Many were surprised when Patrick Modiano won the 2014 Nobel Prize in Literature. None more than the winner himself. “I wasn’t expecting this at all,” he confessed.
So, who is this new Nobel laureate? It is a fair question, for while the Frenchman is beloved in his own country, he received little international recognition before yesterday’s bombshell. His quiet reputation was in part by design. A humble man, he avoids interviews and rejected his nomination to the Académie Francaise for fear that it would bring unwanted fame.
Described by the Nobel Academy as the “Marcel Proust of our time,” Modiano’s writing is charged with themes of memory and identity. In some ways, his own family’s story parallels that of France in World War II, and he weaves these separate, yet related histories into his work. Modiano’s parents met during the German occupation of France. His father, an Italian Jew, had ties to the Gestapo and was involved in organized crime. Professor Akane Kawakami describes Modiano as “obsessed” with the period of Occupation. Perhaps she’s right, for time and again Modiano’s writing explores France’s shameful actions during the war—particularly the Vichy government’s cooperation with the deportation and extermination of Jews.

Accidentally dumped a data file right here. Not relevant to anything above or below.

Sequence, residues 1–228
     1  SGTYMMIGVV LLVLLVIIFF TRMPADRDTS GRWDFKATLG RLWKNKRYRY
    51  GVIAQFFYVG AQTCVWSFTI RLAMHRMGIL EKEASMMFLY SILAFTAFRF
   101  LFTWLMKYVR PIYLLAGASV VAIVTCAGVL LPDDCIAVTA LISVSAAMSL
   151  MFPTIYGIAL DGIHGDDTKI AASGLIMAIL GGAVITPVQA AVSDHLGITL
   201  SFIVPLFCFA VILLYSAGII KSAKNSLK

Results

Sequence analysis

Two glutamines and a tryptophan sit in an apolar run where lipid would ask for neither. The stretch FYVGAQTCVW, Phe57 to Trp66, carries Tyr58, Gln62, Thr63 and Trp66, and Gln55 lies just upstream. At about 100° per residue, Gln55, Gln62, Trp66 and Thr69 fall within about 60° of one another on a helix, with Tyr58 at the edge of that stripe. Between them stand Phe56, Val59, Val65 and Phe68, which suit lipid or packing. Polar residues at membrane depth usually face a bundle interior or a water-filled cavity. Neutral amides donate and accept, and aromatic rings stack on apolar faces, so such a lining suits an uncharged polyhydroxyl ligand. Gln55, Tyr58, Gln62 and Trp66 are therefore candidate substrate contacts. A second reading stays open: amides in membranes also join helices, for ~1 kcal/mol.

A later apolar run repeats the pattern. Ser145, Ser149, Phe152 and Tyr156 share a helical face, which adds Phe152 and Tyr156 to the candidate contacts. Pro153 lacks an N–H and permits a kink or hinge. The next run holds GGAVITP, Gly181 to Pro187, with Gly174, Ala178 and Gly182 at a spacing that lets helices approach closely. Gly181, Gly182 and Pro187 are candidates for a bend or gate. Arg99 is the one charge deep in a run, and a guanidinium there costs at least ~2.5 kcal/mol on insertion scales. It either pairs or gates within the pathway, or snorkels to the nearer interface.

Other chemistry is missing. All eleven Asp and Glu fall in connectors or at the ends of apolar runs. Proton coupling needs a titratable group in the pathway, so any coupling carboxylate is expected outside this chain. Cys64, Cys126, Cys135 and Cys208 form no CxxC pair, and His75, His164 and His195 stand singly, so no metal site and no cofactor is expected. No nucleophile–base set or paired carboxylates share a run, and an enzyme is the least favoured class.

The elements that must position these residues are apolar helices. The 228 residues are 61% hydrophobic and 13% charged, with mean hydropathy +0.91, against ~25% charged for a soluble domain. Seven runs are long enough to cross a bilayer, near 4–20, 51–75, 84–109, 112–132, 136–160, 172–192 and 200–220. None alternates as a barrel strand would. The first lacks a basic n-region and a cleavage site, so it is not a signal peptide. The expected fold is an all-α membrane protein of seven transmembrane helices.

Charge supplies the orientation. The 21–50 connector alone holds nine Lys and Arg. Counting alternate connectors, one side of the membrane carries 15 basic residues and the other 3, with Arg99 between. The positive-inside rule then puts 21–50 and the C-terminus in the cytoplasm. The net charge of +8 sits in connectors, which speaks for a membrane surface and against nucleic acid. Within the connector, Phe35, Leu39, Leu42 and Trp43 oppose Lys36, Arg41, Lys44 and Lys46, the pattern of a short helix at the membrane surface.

Modiano published his first book, La Place de l’Etoile, when he was just twenty-two. Although printed in 1968, the work has never been translated into English. The novel tells the story of a Jewish man who collaborates with the Germans during World War II. Modiano’s father was so upset about the book that he tried purchasing all available copies.
There was no love lost between Modiano and his father. His father was largely absent during his childhood, a shadowy figure about whom Modiano heard unpleasant stories. When Modiano was stranded in Paris during the Algerian war, he called his father for help; instead of coming to his aid, his father instead reported Modiano to the police. It was a difficult childhood. Modiano’s mother, a Belgian actress, traveled during much of his youth. His brother, Rudy, died of leukemia at age ten. The loss of his brother was particularly difficult for Modiano and he dedicated all his writing to him between 1967 and 1982.
After graduating high school, Modiano pursued a writing career with the help of his mentor, writer Raymond Queneau. Reflecting on the period, Modiano said, “I never thought of doing anything else. I had no diploma, no definitive goal to achieve. But it is tough for a young writer to begin so early. Really, I prefer not to read my early books. Not that I don’t like them, but I don’t recognize myself anymore, like an old actor watching himself as a young leading man.”
Modiano has written over twenty books. He won the Grand prix du roman de l’Académie francais (1972), the Prix Goncourt (1978), the Prix mondial Cino Del Duca (2010), and the Austrian State Prize for European Literature (2012). He was awarded the 2014 Nobel Prize in Literature "for the art of memory with which he has evoked the most ungraspable human destinies and uncovered the life-world of the occupation".